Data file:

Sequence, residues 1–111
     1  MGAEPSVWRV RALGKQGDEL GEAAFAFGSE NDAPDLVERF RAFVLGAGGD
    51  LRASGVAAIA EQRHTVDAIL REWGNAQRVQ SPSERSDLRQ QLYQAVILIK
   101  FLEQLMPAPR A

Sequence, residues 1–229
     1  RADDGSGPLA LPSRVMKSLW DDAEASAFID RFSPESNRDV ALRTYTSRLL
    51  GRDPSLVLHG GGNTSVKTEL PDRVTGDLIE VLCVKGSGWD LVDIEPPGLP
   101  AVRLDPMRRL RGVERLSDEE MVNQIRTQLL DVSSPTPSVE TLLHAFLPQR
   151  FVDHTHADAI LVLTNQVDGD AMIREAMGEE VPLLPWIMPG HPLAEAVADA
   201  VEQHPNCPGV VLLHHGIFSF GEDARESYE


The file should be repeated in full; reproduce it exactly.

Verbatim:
Sequence, residues 1–111
     1  MGAEPSVWRV RALGKQGDEL GEAAFAFGSE NDAPDLVERF RAFVLGAGGD
    51  LRASGVAAIA EQRHTVDAIL REWGNAQRVQ SPSERSDLRQ QLYQAVILIK
   101  FLEQLMPAPR A

Sequence, residues 1–229
     1  RADDGSGPLA LPSRVMKSLW DDAEASAFID RFSPESNRDV ALRTYTSRLL
    51  GRDPSLVLHG GGNTSVKTEL PDRVTGDLIE VLCVKGSGWD LVDIEPPGLP
   101  AVRLDPMRRL RGVERLSDEE MVNQIRTQLL DVSSPTPSVE TLLHAFLPQR
   151  FVDHTHADAI LVLTNQVDGD AMIREAMGEE VPLLPWIMPG HPLAEAVADA
   201  VEQHPNCPGV VLLHHGIFSF GEDARESYE